Early on, McChrystal establishes a baseline that he returns to repeatedly throughout the book. Frederick Winslow Taylor’s efficient organization defined not just the methods of production or the layout of the office, but the fundamental doctrinal premise of a civilization for 100 years.  Taylorist thinking led to the impenetrable (but immovable) Maginot Line that aircraft flew over. The coalition forces defeated Saddam Hussein because both sides were fighting the previous war. The Iraqi insurgency demanded new habits from new learning. It was time to take everyone’s brains out of their footlockers and put them all to work thinking, discussing, planning, and criticizing.

Chapter 10 “Hands off” contrasts the experiences of Commodore Matthew Perry and Gen. Ulysses Grant. Perry was on his own, over 6,000 miles from home. He had total control and no oversight. On the other hand, Grant issued meticulously detailed orders to his generals. McChrystal’s world was a strange mix of the two. While he enjoyed complete information input from assets in the field, soldiers, helicopters, and drones, he also insisted on letting the leaders on the ground make their own decisions, knowing, of course, that they were not alone at all. 
MECE: Mutually Exclusive and Collectively Exhaustive

McChrystal completed a master of science in International Relations from Salve Regina University. He has company. Maj. Gen. James W. Nuttall deputy director of the Army National Guard earned an MA at SRU. Gen. Peter Chiarelli completed an MA in national security strategy at SRU after earning an MPA from the University of Washington. After finishing a master's at Salve Regina, Gen. Anthony Zinni (USMC) earned another master's from Central Michigan University.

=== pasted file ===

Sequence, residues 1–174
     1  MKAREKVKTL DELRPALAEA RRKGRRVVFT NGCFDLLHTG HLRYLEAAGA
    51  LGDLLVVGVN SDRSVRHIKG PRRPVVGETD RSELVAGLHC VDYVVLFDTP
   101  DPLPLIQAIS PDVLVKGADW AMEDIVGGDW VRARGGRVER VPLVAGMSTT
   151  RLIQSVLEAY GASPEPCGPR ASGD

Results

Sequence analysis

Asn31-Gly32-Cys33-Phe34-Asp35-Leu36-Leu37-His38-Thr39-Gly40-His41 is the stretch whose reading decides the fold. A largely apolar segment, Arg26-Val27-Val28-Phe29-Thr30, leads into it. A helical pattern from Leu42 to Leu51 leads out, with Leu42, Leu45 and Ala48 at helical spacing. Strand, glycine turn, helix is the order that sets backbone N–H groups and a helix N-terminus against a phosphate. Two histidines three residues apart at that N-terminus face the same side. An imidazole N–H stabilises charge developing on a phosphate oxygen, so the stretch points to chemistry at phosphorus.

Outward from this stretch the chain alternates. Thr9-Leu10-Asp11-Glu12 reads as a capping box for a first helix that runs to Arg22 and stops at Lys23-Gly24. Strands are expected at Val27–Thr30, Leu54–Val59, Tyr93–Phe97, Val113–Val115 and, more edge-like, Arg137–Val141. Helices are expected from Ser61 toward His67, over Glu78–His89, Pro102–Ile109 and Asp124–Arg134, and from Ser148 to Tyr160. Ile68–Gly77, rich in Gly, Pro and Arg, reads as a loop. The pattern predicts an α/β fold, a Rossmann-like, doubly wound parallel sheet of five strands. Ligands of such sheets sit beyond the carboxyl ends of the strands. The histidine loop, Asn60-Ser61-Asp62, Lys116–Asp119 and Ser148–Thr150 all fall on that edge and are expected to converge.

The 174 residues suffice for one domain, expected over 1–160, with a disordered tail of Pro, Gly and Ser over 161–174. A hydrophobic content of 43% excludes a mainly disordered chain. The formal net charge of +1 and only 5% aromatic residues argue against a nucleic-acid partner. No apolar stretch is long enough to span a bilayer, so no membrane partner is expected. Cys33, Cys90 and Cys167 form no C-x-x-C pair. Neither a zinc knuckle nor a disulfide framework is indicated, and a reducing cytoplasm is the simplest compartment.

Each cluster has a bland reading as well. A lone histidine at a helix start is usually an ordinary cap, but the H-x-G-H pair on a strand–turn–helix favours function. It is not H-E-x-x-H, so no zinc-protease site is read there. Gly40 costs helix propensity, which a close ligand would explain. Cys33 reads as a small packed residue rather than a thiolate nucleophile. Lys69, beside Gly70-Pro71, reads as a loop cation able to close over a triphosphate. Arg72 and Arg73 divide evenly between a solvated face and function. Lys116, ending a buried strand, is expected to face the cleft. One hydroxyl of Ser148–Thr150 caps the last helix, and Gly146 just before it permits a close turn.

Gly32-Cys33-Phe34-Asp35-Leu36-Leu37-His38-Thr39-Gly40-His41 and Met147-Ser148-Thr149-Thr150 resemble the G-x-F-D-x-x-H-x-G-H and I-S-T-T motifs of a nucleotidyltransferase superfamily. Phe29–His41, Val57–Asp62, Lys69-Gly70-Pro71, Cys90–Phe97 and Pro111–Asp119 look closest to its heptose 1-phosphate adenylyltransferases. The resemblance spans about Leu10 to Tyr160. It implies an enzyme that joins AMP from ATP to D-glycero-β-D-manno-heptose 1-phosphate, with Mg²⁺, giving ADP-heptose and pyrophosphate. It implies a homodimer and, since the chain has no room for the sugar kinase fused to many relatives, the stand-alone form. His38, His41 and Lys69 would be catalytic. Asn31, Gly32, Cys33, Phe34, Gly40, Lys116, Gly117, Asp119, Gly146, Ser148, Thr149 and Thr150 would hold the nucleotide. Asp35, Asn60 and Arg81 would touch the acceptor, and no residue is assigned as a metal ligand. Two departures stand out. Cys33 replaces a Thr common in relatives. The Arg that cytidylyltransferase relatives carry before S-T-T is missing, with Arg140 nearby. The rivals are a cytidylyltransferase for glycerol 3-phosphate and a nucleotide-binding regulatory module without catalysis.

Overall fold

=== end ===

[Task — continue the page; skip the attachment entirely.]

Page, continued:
Perhaps making too much of his outside-the-box thinking, it is interesting to note that Gen. McChrystal recommended A Connecticut Yankee in King Arthur’s Court for Admiral Stavridis’s anthology, The Leader’s Bookshelf. Also, whether and to what extent such new age intuitions actually instantiated the doctrine of counter-insurgency outlined by David Galula may be putative. It may be that victory in Iraq such as it was came from doing what soldiers always do and that so-called “counter-insurgency” ultimately proved to be a failure because it could never have been a success.